Pancetta is a type of Italian cured meat product made from pork belly. The cut and looks have gotten it stuck with the label of “Italian bacon,” and while they share similarities, there are significant differences in texture and flavor.
Pancetta has a very delicate and smooth texture, with only slight chewiness. Gourmet-quality pancetta is melt-in-your-mouth silky. On the one hand, its flavor is more robust and meatier compared to that of bacon, purely pork, not overtaken by smoky and earthy notes. On the other hand, it also has a strong undertone from various spices used during the production process. Black pepper is almost always present, with chilis, garlic, rosemary, and juniper being other common options.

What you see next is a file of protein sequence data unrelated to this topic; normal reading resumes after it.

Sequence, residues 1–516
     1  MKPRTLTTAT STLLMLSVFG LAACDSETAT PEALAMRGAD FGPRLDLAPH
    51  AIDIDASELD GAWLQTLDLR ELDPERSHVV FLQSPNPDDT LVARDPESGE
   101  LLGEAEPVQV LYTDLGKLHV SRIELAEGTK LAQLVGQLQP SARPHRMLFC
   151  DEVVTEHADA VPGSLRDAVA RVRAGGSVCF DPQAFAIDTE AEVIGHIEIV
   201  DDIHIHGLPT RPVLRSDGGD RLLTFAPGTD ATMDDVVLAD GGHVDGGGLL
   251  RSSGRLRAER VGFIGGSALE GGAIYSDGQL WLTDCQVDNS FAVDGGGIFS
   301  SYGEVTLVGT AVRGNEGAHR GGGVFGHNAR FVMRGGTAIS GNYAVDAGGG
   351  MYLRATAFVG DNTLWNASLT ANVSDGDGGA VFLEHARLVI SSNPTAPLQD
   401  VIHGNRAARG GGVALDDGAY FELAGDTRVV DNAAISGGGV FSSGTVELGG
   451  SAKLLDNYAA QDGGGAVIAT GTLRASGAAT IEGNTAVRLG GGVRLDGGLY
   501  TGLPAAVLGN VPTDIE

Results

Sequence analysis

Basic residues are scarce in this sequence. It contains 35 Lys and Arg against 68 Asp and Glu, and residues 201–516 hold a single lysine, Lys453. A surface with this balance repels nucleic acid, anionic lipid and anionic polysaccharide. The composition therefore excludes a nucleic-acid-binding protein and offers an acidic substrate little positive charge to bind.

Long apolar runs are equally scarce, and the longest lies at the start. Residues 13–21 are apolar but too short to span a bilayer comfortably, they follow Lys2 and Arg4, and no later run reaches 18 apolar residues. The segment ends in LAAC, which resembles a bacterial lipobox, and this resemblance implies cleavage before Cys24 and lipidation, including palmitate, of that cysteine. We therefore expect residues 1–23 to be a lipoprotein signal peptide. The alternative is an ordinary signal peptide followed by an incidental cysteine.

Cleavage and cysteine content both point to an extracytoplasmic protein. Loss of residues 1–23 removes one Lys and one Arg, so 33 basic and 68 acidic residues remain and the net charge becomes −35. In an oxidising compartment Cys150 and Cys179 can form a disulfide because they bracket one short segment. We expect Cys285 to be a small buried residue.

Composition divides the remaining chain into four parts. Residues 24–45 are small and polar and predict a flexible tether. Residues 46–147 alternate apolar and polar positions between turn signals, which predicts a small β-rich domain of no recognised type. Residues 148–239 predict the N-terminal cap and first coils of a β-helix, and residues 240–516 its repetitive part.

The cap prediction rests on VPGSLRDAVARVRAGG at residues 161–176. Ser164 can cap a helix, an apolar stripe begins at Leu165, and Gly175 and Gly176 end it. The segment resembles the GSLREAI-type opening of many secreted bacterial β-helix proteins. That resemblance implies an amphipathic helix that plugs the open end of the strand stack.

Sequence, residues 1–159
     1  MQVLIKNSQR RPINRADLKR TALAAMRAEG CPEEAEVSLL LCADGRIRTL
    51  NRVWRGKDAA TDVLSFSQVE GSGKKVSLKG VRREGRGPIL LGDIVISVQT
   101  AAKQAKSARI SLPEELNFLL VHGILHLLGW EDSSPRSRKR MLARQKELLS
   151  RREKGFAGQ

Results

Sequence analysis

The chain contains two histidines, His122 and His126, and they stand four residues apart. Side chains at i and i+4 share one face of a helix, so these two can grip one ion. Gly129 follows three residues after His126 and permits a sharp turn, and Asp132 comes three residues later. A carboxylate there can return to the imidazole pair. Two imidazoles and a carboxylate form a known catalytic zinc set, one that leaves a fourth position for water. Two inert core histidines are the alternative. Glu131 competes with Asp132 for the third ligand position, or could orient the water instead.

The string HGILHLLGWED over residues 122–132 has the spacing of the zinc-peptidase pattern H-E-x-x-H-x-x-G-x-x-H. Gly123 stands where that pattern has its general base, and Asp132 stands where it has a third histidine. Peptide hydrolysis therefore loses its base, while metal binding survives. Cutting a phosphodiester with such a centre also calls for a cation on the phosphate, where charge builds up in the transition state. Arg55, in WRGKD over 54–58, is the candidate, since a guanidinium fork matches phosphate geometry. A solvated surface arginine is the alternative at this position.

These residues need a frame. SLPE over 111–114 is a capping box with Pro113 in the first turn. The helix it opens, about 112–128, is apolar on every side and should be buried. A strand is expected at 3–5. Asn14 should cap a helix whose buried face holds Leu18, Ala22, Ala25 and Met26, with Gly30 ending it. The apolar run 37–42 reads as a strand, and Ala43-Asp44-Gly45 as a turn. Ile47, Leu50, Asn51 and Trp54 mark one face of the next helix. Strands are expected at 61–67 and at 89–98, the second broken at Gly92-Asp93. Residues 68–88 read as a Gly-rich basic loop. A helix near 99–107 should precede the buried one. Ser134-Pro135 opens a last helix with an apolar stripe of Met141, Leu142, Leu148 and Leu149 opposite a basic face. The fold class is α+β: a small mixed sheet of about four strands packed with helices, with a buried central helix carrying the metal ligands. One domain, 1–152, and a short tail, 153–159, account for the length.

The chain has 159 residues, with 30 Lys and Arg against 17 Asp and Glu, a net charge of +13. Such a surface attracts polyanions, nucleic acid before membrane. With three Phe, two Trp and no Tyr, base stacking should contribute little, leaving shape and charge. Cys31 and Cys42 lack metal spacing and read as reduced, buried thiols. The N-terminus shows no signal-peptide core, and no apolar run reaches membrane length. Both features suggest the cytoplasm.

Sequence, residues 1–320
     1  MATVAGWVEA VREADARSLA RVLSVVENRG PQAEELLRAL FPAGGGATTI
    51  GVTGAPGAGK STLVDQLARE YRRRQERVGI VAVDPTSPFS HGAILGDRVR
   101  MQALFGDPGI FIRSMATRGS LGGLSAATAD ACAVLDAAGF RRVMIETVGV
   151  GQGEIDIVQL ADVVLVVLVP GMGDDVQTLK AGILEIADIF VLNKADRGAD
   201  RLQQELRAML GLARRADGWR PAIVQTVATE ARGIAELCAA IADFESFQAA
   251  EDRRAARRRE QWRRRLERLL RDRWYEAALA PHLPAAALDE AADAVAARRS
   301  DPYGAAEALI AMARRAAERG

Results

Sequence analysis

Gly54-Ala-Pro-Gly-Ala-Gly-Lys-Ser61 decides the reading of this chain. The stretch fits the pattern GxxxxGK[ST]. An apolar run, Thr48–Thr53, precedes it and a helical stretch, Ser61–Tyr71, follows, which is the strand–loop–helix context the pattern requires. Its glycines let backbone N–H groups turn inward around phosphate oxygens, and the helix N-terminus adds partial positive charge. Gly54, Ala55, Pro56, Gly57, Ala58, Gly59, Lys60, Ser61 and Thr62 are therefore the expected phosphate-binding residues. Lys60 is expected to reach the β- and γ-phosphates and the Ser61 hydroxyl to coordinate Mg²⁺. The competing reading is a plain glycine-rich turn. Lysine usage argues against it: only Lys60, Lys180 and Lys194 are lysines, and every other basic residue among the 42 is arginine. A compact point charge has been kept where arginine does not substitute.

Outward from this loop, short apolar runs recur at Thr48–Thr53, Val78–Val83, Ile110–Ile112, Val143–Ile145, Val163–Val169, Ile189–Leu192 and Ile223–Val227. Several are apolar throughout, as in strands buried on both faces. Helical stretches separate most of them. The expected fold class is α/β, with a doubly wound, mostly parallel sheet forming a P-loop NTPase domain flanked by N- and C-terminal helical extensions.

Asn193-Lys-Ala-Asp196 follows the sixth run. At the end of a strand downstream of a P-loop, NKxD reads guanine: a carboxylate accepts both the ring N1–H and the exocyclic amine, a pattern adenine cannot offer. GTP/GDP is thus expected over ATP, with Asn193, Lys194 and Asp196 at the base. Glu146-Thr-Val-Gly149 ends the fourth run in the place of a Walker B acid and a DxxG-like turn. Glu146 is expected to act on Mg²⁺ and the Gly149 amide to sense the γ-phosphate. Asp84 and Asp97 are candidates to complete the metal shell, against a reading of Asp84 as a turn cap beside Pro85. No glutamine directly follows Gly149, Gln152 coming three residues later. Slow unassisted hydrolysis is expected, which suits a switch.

Pancetta typically comes in two forms: either flat, like bacon, or rolled.
The flat, bacon-like variety is called Pancetta Stresa. It’s often cut into thick slices and served grilled or cut into cubes (Cubetti di Pancetta) and used in various dishes, like pasta, quiches, and salads.
The rolled one is called Pancetta Arrotolata. Pancetta Arrotolata is mostly sold thinly sliced and is traditionally consumed raw, either as an antipasto with cheese and crackers or in a sandwich.